How do doctors diagnose hepatitis B?
Doctors diagnose hepatitis B based on your medical and family history, a physical exam, and blood tests. If you have hepatitis B, your doctor may perform additional tests to check your liver.
Medical and family history
Your doctor will ask about your symptoms and about factors that may make you more likely to get hepatitis B. Your doctor may ask whether you have a family history of hepatitis B or liver cancer. Your doctor may also ask about other factors that could damage your liver, such as drinking alcohol.
During a physical exam, your doctor will check for signs of liver damage such as
- changes in skin color
- swelling in your lower legs, feet, or ankles
- tenderness or swelling in your abdomen
What tests do doctors use to diagnose hepatitis B?
Doctors use blood tests to diagnose hepatitis B. Your doctor may order additional tests to check for liver damage, find out how much liver damage you have, or rule out other causes of liver disease.
Your doctor may order one or more blood tests to diagnose hepatitis B. A health care professional will take a blood sample from you and send the sample to a lab.
Certain blood tests can show whether you are infected with hepatitis B. If you are infected, your doctor may use other blood tests to find out
- whether the infection is acute or chronic
- whether you have an increased chance of liver damage
- whether the virus levels in your body are high or low
- whether you need treatment
If you have chronic hepatitis B, your doctor will recommend testing your blood regularly because chronic hepatitis B can change over time. Even if the infection is not damaging your liver when you are first diagnosed, it may damage your liver in the future. Your doctor will use regular blood tests to check for signs of liver damage, find out if you need treatment, or see how you are responding to treatment.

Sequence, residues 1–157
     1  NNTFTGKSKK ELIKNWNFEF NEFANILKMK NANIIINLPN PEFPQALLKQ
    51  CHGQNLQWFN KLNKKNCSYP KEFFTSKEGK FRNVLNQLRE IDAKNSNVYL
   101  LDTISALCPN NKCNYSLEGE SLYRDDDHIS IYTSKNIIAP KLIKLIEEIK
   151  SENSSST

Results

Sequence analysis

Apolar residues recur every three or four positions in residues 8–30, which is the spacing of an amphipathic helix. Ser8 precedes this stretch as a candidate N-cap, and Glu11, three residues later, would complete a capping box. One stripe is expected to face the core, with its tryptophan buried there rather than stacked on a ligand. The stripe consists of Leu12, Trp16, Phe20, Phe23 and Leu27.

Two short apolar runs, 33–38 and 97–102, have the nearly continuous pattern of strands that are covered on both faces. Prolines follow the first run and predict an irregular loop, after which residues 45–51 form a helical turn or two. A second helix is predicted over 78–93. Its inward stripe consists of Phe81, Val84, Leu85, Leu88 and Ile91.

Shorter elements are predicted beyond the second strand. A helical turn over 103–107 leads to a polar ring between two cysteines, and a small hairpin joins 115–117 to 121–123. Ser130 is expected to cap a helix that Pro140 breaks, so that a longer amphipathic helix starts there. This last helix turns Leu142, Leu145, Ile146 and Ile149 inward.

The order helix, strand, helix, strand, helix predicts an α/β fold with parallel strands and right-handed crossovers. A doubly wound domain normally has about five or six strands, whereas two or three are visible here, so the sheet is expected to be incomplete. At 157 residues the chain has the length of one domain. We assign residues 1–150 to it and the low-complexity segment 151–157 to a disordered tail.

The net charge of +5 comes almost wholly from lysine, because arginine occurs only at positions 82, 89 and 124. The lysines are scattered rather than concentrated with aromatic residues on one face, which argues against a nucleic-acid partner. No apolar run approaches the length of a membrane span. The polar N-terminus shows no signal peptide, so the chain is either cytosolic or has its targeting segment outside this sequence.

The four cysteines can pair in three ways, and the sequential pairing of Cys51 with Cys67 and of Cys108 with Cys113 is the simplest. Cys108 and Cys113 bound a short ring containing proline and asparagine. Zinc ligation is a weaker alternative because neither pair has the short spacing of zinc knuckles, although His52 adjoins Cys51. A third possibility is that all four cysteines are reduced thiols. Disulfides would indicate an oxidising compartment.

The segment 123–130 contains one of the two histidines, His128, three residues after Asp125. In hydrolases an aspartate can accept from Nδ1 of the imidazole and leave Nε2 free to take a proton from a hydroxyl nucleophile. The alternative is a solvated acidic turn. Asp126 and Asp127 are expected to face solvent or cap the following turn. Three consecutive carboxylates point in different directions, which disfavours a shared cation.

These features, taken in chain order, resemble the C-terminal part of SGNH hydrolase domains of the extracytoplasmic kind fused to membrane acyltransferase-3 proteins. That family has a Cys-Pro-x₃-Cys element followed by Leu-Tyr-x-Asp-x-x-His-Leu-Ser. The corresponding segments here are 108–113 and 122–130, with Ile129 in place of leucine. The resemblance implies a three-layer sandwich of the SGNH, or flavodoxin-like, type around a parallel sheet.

Blood tests can also show whether you are immune to hepatitis B, meaning you can’t get hepatitis B. You may be immune if you got a vaccine or if you had an acute hepatitis B infection in the past and your body fought off the infection.
If you’ve had chronic hepatitis B a long time, you could have liver damage. Your doctor may recommend additional tests to find out whether you have liver damage, how much liver damage you have, or to rule out other causes of liver disease. These tests may include
- blood tests
- transient elastography, a special ultrasound of your liver
- liver biopsy, in which a doctor uses a needle to take a small piece of tissue from your liver
Doctors typically use liver biopsy only if other tests don’t provide enough information about a person’s liver damage or disease. Talk with your doctor about which tests are best for you.
How do doctors treat hepatitis B?
Doctors typically don’t treat hepatitis B unless it becomes chronic. Doctors may treat chronic hepatitis B with antiviral medicines that attack the virus.
Not everyone with chronic hepatitis B needs treatment. If blood tests show that hepatitis B could be damaging a person’s liver, a doctor may prescribe antiviral medicines to lower the chances of liver damage and complications.
Medicines that you take by mouth include
A medicine that doctors can give as a shot is peginterferon alfa-2a (Pegasys).